BLOOMBERG AS DEM VP CANDIDATE? When Michael Bloomberg announced he was leaving the Republican Party, my initial reaction was that it was a disaster for the Democrats. If he ran as an independent candidate for president, Bloomberg would almost certainly cut into the votes of self-identified independents that Democrats picked up in 2006 and that they will need again if they are to win the presidency in 2008. But now that Bloomberg has said he's not running for president, another possibility emerges. He would be an ideal candidate for vice president on a ticket with any of the major Democratic possibilities except, of course, Hillary Clinton.
Bloomberg's attractions -- his business reputation, executive experience, centrist image, and not least of all deep pockets -- are obvious.
Moreover, this would be the rational step for Bloomberg to take. The record of third-party candidates for president is dismal; running an independent campaign, Bloomberg would almost certainly only play the role of spoiler. But if he were paired with, say, Barack Obama, Bloomberg would have a genuine chance of ending up in the center of power.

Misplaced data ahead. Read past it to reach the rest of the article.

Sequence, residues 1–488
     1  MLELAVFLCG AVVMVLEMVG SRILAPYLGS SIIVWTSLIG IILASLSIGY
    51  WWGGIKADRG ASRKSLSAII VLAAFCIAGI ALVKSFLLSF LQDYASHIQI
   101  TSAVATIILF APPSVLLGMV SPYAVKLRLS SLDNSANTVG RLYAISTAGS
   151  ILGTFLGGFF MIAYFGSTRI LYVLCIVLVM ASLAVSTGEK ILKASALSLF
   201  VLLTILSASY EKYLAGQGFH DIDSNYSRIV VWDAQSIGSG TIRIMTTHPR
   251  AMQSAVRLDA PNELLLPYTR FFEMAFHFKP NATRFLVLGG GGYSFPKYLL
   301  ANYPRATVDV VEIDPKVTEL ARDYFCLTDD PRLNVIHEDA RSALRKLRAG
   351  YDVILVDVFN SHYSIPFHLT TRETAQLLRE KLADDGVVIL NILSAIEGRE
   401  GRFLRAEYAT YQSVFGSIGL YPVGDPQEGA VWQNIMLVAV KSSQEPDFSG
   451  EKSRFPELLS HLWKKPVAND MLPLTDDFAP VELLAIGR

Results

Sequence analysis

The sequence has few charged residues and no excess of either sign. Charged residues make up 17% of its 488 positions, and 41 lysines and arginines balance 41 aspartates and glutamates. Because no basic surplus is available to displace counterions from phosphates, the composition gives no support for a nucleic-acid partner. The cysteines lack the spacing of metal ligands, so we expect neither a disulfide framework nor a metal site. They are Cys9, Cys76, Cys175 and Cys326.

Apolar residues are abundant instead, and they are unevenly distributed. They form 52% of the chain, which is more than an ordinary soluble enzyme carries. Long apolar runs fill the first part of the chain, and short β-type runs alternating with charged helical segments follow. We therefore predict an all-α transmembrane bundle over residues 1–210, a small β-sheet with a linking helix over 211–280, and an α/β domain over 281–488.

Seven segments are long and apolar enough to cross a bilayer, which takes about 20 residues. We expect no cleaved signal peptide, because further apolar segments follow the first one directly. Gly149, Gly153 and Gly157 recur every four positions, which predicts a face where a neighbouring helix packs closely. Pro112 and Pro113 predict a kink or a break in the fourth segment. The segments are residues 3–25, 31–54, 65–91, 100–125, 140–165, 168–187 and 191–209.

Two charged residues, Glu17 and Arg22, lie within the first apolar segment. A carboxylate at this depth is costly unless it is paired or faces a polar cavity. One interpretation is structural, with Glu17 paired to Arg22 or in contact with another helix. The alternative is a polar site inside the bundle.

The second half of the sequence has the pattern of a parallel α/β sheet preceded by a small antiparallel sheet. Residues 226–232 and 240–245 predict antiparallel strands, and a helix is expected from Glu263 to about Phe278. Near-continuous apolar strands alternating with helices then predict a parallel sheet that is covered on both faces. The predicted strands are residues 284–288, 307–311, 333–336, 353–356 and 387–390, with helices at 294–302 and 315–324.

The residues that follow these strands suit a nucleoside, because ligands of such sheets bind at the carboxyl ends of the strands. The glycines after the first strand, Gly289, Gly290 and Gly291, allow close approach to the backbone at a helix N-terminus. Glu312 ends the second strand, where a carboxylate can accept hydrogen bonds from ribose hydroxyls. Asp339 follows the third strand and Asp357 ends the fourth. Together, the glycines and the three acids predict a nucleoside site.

The vice presidency is no longer something to be scoffed at. Al Gore played a central role under Bill Clinton, and Dick Cheney has exercised even more influence under Bush. With his executive experience, Bloomberg could become equally important in running a new Democratic administration.
Amazingly, Bloomberg has not one but two ways to alter the outcome of the 2008 election. He can help keep the Republicans in power by running as an independent, or he can help put the Democrats in power by taking the second spot on the Democratic ticket. Our future may hinge on the choice he makes.
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